Years 1738-1745

The Original Ship

The East Indiaman, later named “Götheborg” was built at Terra Nova, which was one of the four major shipyards in Stockholm in the 18th century. She was launched in 1738. Terra Nova was situated where the road Strandvägen lies today. The area was a filled in inlet that had previously been overgrown by reed: hence the name Terra Nova, which means ‘new land’ in Latin. Around 200 people worked at the shipyard and around half of these were carpenters. At that time, an East Indiaman could be built in just less than 18 months.



The East Indiaman Götheborg was launched in 1738 and went through three adventurous voyages to China before it’s wrecking outside the Fortress of Älvsborg. The first voyage was relatively painless whereas the second was filled with problems. On her departure from Cadiz in Spain, she was hijacked by en English Frigate, but was released, however, a month later.


The actual disaster for the East Indiaman Götheborg would arise a couple of years later. In March of 1743, Götheborg left together with the East Indiaman “Riddarhuset” to commence her third – and last – journey. After just over two months of travel, Götheborg reached Cadiz in Spain, where it was loaded with silverware and provisions.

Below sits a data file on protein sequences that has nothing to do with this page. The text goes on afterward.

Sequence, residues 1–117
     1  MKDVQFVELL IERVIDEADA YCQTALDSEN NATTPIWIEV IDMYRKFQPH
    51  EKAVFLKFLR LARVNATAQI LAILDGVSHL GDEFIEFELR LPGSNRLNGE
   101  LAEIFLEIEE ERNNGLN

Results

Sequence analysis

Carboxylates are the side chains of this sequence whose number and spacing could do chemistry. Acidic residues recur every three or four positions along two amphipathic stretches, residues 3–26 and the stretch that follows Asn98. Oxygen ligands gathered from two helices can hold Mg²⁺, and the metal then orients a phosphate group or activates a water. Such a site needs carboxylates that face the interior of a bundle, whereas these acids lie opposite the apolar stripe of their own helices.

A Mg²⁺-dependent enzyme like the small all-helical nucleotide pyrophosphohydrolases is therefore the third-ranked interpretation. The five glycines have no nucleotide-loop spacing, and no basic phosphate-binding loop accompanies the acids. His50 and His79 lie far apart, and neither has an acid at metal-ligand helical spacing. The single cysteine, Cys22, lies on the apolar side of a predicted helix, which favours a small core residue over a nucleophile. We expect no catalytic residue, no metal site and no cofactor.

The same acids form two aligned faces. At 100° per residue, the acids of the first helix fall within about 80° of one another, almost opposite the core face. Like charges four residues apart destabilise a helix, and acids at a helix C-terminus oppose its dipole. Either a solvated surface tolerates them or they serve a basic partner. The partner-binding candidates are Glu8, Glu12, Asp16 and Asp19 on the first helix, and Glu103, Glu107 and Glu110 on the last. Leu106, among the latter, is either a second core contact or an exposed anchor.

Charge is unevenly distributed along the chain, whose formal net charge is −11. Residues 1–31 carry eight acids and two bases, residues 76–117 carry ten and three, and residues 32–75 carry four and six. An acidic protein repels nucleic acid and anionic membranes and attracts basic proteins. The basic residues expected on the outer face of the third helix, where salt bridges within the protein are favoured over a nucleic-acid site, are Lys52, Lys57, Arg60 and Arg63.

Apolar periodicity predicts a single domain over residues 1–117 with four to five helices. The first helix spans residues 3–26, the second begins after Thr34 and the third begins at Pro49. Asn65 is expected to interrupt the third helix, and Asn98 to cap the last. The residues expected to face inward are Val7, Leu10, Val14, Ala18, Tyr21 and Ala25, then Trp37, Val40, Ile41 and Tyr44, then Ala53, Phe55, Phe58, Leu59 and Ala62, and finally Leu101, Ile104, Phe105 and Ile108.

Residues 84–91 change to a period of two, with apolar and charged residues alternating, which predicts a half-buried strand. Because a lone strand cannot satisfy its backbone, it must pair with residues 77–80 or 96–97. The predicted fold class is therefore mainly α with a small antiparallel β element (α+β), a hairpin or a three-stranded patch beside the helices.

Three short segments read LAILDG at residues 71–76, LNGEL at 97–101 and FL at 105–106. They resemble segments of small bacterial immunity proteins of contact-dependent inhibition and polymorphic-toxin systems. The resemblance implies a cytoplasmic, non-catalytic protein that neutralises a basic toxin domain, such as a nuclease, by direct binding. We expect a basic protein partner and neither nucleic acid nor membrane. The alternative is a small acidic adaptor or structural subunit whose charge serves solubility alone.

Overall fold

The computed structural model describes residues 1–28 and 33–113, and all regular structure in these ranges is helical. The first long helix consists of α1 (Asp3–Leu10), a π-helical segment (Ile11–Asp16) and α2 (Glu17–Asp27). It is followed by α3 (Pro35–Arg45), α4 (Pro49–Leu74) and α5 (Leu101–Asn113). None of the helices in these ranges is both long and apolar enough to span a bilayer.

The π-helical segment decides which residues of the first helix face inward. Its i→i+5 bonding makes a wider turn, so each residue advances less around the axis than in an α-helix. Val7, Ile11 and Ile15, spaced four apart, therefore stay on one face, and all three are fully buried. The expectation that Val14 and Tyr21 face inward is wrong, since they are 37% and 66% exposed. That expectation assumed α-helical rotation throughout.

The ship was brought out of Africa’s coast by strong winds and currents leading to her almost touching upon Brazil. Afterwards, she abruptly turned towards the East, past South Africa, an established colony primarily formed for the provisioning of East Indiamen. After a stop in Java, it normally meant a straight way to Canton. Or that’s what they thought at least. After missing the southern monsoon, Götheborg was forced to return to Java where she was laying in the harbour waiting for the right winds. She lay there for more than six months, and not until the summer of 1744 was she able to throw the anchor outside her target in China.


Götheborg reached the Chinese coast in the summer of 1744 and after a six-month trade halt she began her voyage back home. The long wait had a strain on the crew. After 30 months at sea and an adventurous journey back home, the Swedish coast was finally within sight. The ship’s cargo holds were crammed with tea, silk, porcelain, Tuttanego (zinc), spices, and much more.

On September 12, 1745 maritime pilots came aboard close to Vinga. This did not prevent the ship from sailing into the well-known underwater rocks of Knippla Hunnebådan, around 900 meters west of Nya Älvsborgs Fästning (The new Älvsborg Fortress).

The ship remained stranded on the rock and water started to leak in. Fortunately the boats that came to the rescue saved everyone on board. Right after the grounding and over the following two years, one-third of the cargo was salvaged.

Despite the damage of the ship, the costs of salvage, and the unusually long journey, the expedition was able to provide the stakeholders with a return of 14,5 per cent. This was possible as a part of the cargo was salvaged and sold, and because of the insurance that applied.

Further salvage operations were carried out during the 19th century. Divers dressed in heavy diving outfits carried out new extensive salvage operations in the early 20th century. After that the wreck was left to its fate. No one believed there was anything else to salvage.